Admitting or taking ownership for mistakes, our faulty actions is hard. It requires humbling oneself, confessing with genuine acknowledgement – ‘I made a mistake, I’m sorry, please forgive me. How can I put this right?’ If a person tries to cover their mistakes this often involves lying and deceptive measures, which will compound the problem and block forward progress (Prov 28:13). Refusing to admit mistakes and apologize, because of pride, will result in conflict and bitterness, with nothing being resolved. Learn from past failures. Review what happened or how you went wrong and endeavour that next time you won’t make the same or a similar mistake.
We can also learn from others, observing their lifestyle, actions and words, incorporating what is good into our lives, but guarding against making the same mistakes – we haven’t time to make them all! When someone makes a mistake that affects us, be tolerant and calmly point out how the situation could have been done better, and forgive them. Daily pray for wisdom and discernment, praising God that His mercy is greater than my mistakes.
When a mistake is made conflict often results with egos being hurt as self-esteem takes a knock; it is easy to get defensive, however accusations, blame, criticism and excuses do not resolve the issue. Wherever possible, don’t act or speak without giving the situation some thought. No one means to make a mistake, sometimes it is the outcome of making an assumption and not checking, inattention or an oversight. A deliberate intentional wrongdoing (sabotage) is very different and requires a radically response compared to when something goes wrong because of unforeseen circumstances, lack of knowledge or a genuine error.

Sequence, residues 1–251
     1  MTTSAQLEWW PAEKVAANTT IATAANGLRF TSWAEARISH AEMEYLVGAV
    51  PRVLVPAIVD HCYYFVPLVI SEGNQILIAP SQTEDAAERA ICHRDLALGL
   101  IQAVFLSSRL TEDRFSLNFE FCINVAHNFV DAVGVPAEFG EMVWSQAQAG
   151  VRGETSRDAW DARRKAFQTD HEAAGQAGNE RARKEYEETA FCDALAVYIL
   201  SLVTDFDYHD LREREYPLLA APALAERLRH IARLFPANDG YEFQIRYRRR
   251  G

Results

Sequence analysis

View mistakes as learning experiences
no one is perfect and we all perform far below our potential. We need to forgive ourselves too when we fail. Work out how or why you failed, get over it and move on, yet understanding little mistakes can have big consequences. If you don’t learn from your mistakes what is the use in making them!
It is the church’s responsibility to help those in their fellowship who stumble (Gal 6:1). Preventative measures include proper connection to others in open, supportive relationships which include accountability – where there is the freedom and right to speak into each other’s lives besides ensuring we are surrounded by robust boundaries so we can can maintain integrity.
Refusing to believe in Christ is the greatest mistake anyone can make, and if they die maintaining that decision the consequences are eternal damnation (Rev 21:8).
See also: accountability, apology, blame, boundaries, church discipline, confession, consequences, error, excuses, failure, forgive/forgiveness, guilt, mess-ups, misunderstanding, ownership, reaction, responsibility, self-esteem, tolerate.